Michael Jordan and his son Jeffrey Jordan are looking to drive the six-time NBA champ’s legacy into the world of NFTs and next-generation entertainment.

The Jordans have launched Heir Inc., a new holding company that plans to build a consumer-facing community platform for athletes to connect with fans — as well as other lines of business, including an entertainment studio and consumer products. (“Heir,” of course, is a play on the Air Jordan brand at Nike.)

The company was co-founded by Jeffrey Jordan (above left) along with marketing exec Daniel George (above middle), founder of agency Limitless Creative, and Jeron Smith (above right), former CEO/co-founder of Stephen Curry’s Unanimous Media.

Heir Inc.’s first tech product, called “Heir” (heir.app), is envisioned as a Web3 personalized community platform for athletes. For the Heir product, the startup closed a $10.6 million seed funding round led by Thrive Capital, marking the venture-capital firm’s foray into NFTs (and its largest seed investment ever). Investments also came from Solana Ventures, the investment arm of public blockchain platform Solana, along with angel investors including tech entrepreneur and investor Alexis Ohanian (co-founder of Reddit), New York Knicks EVP and senior basketball adviser William Wesley and Chicago Bulls guard Lonzo Ball.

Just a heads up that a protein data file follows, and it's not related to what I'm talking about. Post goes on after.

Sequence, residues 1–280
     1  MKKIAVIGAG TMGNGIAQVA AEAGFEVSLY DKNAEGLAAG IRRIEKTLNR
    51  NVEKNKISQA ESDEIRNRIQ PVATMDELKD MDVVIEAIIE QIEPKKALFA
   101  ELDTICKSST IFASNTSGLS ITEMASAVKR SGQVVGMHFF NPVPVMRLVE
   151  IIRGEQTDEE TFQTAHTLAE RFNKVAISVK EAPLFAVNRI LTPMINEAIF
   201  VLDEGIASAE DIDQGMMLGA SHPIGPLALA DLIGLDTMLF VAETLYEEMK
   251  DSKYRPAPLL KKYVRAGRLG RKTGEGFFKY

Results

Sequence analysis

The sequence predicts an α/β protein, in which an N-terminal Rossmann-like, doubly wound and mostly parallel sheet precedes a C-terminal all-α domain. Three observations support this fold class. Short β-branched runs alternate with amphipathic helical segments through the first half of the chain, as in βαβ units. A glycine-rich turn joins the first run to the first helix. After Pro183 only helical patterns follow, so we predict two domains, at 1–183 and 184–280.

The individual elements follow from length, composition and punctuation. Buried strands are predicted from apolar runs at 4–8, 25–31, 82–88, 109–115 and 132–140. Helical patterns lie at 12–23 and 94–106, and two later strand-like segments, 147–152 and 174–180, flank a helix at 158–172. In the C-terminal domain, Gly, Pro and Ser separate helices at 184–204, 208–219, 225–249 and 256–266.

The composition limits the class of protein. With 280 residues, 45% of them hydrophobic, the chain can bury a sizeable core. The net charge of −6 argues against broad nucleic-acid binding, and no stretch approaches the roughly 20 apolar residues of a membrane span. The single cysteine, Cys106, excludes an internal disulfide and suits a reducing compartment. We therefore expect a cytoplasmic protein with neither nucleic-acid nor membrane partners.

Here’s how the founders say the Heir platform will work: Athletes will sell a limited number of membership-based “seats” to fans, who will get access to digital assets and first-person NFT drops, using an exclusive Heir token built on Solana’s energy-efficient blockchain network. (NFTs, or nonfungible tokens, are used to verify ownership of unique digital content.) Supporters will have the opportunity to purchase one-time digital assets or join an athlete’s “huddle” for exclusive drops, digital goods, immersive experiences, and other perks.